Alumni Notes & NewsObituaries
Richard Holton, former Haas School Dean, Dies at Age 79
Richard H. Holton, professor emeritus and former dean of the Haas School of Business, died on Oct. 24, 2005, in his home at the age of 79, after battling cancer and Parkinson's disease.
Holton was an acknowledged leader in the fields of marketing, international business, and entrepreneurship, and left a lasting imprint in these areas at the Haas School. He joined the business school in 1957 and served as dean from 1967 to 1976.
Holton's key accomplishments as dean include the establishment of the school's entrepreneurship program in 1970; the first curriculum for international business studies; the 1972 launch of the part-time MBA program (now the Evening & Weekend MBA Program), and a system of student ratings of all courses at the Haas School.
Holton was awarded the Berkeley Citation, the university's highest honor, in 1991, the year he retired.
"Dick Holton was the consummate colleague, thoughtful, considerate, always willing to help and always concerned with the greater good of the school and the university," said Raymond Miles, professor emeritus and former dean of the Haas School. "There are many other contributions that Dick made to the school and the campus over the course of his forty-plus years but none more valuable than his self-effacing charm, his quiet good humor, and his tireless devotion."
Prior to becoming dean, Holton held several economic appointments in Washington, D.C. President John F. Kennedy appointed him to assistant secretary of commerce (1963-65). Under President Lyndon B. Johnson he served as chairman of the President's Consumer Advisory Council (1967-68) and as chairman of the Public Advisory Committee on Truth in Lending Regulations of the Federal Reserve Board (1968-72).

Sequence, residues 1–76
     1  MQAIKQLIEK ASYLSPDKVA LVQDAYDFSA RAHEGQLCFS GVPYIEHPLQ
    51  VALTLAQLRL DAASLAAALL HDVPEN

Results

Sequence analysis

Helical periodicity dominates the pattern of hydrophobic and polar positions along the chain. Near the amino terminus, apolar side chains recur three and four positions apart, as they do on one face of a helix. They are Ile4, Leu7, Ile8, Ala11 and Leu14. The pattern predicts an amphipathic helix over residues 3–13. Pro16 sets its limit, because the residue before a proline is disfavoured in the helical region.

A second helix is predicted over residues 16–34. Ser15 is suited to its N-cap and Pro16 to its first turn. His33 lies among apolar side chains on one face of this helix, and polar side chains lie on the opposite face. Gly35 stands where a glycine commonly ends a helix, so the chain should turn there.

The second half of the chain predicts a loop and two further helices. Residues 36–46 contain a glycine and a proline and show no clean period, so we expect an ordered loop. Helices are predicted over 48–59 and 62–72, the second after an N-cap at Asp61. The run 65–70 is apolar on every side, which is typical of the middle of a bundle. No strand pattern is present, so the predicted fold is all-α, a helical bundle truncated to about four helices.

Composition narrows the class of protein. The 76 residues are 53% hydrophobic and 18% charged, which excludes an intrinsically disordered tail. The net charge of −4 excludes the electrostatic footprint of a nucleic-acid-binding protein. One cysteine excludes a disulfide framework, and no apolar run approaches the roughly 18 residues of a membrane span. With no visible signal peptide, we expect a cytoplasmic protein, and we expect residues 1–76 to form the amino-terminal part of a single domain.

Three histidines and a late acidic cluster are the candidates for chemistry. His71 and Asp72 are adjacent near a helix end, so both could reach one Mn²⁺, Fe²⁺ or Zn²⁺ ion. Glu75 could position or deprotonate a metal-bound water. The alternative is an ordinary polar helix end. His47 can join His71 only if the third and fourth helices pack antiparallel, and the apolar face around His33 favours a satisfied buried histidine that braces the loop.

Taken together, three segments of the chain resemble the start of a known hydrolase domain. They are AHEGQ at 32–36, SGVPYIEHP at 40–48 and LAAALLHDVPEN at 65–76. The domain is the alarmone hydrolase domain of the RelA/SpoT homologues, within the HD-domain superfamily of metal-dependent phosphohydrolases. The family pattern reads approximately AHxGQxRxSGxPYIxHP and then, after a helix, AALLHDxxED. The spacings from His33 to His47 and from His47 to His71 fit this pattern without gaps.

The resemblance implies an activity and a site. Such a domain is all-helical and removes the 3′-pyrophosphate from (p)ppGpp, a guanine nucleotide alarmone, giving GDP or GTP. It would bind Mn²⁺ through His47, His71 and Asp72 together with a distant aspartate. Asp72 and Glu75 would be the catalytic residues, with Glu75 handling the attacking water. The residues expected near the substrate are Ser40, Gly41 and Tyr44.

He is survived by Constance, his wife of nearly sixty years; his brother, David; his three children; and three grandchildren. A complete copy of Dean Holton's obituary is available at: http://www.berkeley.edu/news/media/ releases/2005/10/28_holtonobit.shtml.
The family asks that donations in honor of Holton be sent to Doctors Without Borders at http://www.doctorswithoutborders.org/donate/.
Haas Mourns the Loss of Alumnus and Lecturer Paul Rogers
The Haas School community mourns the tragic loss of alumnus and entrepreneurship lecturer Paul Rogers, who together with his wife, Julie Wycoff, was the victim of a fatal attack on January 31.
Rogers, 48, and his wife were killed in their home in El Cerrito, Calif., allegedly by Wycoff's brother, who was arrested later that morning.
Rogers earned his JD/MBA, a concurrent business and law degree, at UC Berkeley in 1988 and his BS in environmental policy analysis from UC Davis in 1983. He was the managing director of the El Cerrito law firm Rogers and Meador, which he founded in 2003.
Passionate about entrepreneurship, he was a frequent guest speaker for the Haas School's Lester Center for Entrepreneurship and Innovation, and has been teaching entrepreneurship at Haas since 2000.
"Paul Rogers filled every minute of his life with energy and commitment to serving," said Tom Campbell, dean of the Haas School. "We will miss him in the entrepreneurship program, and in the family that comprises our Haas School."
This semester, Rogers was co-teaching the flagship entrepreneurship course for full-time and evening and weekend MBA students. The course will continue to be taught by his coinstructor, Mark Coopersmith, MBA 86, who is also president of Brand Strategy at Addis in Berkeley.
In addition to teaching, Rogers served on the advisory board of the Lester Center and was a mentor to many fledgling MBA start-up ventures that sprung from this course and from the center's incubator, the Berkeley Entrepreneurship Laboratory.
"We have a motto here at Haas that entrepreneurship is a team sport, and Paul Rogers was a key player on our team," said Jerome Engel, executive director of the Lester Center. "We are very sad to have lost him."
A memorial fund has been established for the three children, ages 12, 15, and 17, who were left behind. Those wishing to contribute may send their donations to:
The Rogers Family Memorial Fund Mechanics Bank, El Cerrito Branch
9996 San Pablo Avenue, El Cerrito, CA 94530
Branch Telephone: 510-558-2300